and how it keeps the land fertile.

Mama, what did they used to grow here?

Remica L. Bingham

Maieusiophobia

My mother is unatainable

and I have come to accept this.

So when the doctor tells me

my legs spread wide, the tiny head

of a probe invading my cervix

There may be a problem

I am relieved, almost happy for the damage.

I say Adoption is nice randomly, to my mother,

driving through a flea market one day. Then

My students are all I need on another.

She watches me linger with children, then swiftly

hand them back, but never says what she intuits.

In the years to come I will say it outright:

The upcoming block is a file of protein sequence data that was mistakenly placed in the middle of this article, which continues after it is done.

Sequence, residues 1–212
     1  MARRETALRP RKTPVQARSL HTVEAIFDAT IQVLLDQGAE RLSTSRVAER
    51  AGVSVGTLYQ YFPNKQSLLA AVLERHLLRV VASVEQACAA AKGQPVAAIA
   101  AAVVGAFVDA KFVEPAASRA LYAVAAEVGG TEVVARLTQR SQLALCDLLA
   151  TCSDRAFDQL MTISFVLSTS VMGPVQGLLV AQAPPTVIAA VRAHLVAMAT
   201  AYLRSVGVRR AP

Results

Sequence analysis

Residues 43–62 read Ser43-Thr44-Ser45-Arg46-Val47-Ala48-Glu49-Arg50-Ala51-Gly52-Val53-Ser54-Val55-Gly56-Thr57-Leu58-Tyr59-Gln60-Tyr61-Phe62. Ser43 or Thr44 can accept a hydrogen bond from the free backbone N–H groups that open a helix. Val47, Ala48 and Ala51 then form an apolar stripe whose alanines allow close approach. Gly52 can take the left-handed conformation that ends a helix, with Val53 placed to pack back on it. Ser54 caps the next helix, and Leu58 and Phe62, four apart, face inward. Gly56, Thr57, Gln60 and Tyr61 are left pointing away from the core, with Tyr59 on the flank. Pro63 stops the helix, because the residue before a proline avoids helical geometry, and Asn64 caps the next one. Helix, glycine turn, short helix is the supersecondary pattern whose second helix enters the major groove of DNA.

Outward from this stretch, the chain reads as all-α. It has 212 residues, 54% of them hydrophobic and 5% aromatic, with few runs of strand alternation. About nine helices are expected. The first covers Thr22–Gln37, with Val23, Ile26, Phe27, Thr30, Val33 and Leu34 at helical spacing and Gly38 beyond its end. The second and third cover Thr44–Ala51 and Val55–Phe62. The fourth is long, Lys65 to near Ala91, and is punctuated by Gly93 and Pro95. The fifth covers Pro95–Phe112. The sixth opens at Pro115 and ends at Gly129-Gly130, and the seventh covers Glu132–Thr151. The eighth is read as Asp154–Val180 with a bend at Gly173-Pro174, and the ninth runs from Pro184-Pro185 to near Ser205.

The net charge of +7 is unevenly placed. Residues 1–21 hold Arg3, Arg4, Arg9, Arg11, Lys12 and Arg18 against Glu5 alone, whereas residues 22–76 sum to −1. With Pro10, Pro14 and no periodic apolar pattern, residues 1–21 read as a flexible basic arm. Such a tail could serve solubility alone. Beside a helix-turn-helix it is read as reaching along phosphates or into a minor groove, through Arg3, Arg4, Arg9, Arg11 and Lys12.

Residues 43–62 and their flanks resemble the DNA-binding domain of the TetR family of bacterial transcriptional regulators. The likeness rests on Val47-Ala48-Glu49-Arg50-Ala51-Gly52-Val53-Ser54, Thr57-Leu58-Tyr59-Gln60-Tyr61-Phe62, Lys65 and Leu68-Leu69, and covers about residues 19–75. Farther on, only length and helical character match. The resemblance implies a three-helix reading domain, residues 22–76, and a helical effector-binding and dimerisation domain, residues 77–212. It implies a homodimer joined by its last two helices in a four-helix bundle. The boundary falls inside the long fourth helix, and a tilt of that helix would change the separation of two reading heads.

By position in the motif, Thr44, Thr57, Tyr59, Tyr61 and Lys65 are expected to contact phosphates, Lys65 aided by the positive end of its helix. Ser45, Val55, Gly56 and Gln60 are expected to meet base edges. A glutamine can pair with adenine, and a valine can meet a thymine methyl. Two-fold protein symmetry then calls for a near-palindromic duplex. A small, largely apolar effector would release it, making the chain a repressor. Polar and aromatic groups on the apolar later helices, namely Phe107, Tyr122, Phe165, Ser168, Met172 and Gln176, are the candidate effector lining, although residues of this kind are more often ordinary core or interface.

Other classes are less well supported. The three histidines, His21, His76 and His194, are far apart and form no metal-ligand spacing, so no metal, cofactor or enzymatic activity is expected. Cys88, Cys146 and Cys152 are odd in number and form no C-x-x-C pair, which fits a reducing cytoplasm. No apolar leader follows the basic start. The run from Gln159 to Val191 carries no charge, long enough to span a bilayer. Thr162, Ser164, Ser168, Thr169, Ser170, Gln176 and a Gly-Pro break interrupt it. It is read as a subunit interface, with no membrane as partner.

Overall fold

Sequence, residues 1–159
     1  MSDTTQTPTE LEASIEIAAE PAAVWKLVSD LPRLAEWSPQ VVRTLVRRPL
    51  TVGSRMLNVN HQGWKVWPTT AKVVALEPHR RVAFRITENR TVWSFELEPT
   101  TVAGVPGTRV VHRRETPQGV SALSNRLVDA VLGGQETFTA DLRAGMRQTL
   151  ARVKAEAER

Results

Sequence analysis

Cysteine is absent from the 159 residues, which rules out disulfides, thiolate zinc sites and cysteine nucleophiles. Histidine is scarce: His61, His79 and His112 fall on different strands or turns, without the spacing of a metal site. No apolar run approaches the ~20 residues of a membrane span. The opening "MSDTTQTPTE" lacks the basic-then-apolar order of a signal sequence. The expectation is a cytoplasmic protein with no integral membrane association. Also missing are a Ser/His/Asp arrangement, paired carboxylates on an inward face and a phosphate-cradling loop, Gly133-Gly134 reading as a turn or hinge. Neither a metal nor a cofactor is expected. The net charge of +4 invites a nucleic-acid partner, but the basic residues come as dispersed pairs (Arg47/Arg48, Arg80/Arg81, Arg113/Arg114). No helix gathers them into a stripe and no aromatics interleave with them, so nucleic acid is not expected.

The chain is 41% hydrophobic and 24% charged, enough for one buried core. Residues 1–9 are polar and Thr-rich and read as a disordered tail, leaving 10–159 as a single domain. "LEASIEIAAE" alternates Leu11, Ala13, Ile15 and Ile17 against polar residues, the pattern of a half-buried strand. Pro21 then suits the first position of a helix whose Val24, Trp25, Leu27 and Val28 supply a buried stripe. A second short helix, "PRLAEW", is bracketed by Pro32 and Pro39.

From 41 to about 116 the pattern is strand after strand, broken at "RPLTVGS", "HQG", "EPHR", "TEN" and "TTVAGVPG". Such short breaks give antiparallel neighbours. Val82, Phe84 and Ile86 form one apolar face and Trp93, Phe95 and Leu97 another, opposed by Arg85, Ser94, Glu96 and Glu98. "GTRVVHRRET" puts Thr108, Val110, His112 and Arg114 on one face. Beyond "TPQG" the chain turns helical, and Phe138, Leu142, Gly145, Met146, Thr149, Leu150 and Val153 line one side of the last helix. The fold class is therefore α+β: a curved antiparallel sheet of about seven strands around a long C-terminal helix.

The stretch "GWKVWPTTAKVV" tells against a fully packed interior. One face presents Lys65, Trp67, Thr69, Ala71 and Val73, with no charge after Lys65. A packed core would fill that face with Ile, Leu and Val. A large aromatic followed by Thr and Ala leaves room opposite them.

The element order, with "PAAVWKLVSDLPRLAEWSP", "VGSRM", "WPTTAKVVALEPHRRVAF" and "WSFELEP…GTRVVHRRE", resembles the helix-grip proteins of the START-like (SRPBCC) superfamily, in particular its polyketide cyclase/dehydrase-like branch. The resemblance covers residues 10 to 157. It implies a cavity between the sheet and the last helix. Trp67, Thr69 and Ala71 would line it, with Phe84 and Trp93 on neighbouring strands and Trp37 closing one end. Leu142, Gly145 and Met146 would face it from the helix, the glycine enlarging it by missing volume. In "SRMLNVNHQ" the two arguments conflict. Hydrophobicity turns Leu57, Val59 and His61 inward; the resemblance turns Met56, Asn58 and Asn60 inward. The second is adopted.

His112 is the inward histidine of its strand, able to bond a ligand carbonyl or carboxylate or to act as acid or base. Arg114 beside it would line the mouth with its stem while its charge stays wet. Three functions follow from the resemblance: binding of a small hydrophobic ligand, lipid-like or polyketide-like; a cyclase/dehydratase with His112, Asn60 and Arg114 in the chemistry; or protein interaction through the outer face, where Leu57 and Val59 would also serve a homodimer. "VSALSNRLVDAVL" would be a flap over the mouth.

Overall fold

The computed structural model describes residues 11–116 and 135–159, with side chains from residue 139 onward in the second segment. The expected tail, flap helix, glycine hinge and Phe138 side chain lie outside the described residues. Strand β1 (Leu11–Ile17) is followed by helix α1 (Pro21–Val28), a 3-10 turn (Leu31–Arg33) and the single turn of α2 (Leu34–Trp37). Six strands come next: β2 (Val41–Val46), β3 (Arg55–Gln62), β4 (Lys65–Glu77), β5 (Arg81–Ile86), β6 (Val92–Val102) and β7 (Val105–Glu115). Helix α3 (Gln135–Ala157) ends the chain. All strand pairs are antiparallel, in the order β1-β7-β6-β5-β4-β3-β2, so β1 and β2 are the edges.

I cant be you, meaning, not even one,

not even one perfect one.

Jonathan Moody

DOOMY PONTIFICATES ON THE MEANING

BEHIND A KISS, THE WHISPER IN THE BRAIN

A kiss on the forearm

asks, How was your day?

A kiss on the elbow

twirls you around

in your black & white

asymmetrical dress.

A kiss on the chin

pops off white

wine bottle corks.

A kiss on the ear

makes you strut in suede

knee-high boots.

The first kiss on the neck

kicks out my roommate;

the second one slides

your dress down

to your festive feet.

A kiss on the shoulder

screens Tommys

incoming calls.

A kiss on the stomach

puts my television

on mute. A kiss

on the eyelids

means youll see

me in your dreams.

The whisper

in your brain trains

you to never mention

my name out loud

while youre

talking in your sleep.

L. Lamar Wilson

I Cant Help It

I talk too much. I cannot tell a liar

from a preacher, so I tell you

what you want: Im saved & sick

of this world, safe in Gods arms. God,

give me this world in an honest mans

arms. An ego is hard to stroke. Or easy if